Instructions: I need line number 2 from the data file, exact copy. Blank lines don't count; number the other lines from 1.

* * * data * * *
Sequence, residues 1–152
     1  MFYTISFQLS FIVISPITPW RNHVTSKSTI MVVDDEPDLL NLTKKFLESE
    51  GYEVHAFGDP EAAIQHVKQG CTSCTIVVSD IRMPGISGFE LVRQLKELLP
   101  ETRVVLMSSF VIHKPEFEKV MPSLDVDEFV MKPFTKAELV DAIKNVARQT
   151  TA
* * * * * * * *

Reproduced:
     1  MFYTISFQLS FIVISPITPW RNHVTSKSTI MVVDDEPDLL NLTKKFLESE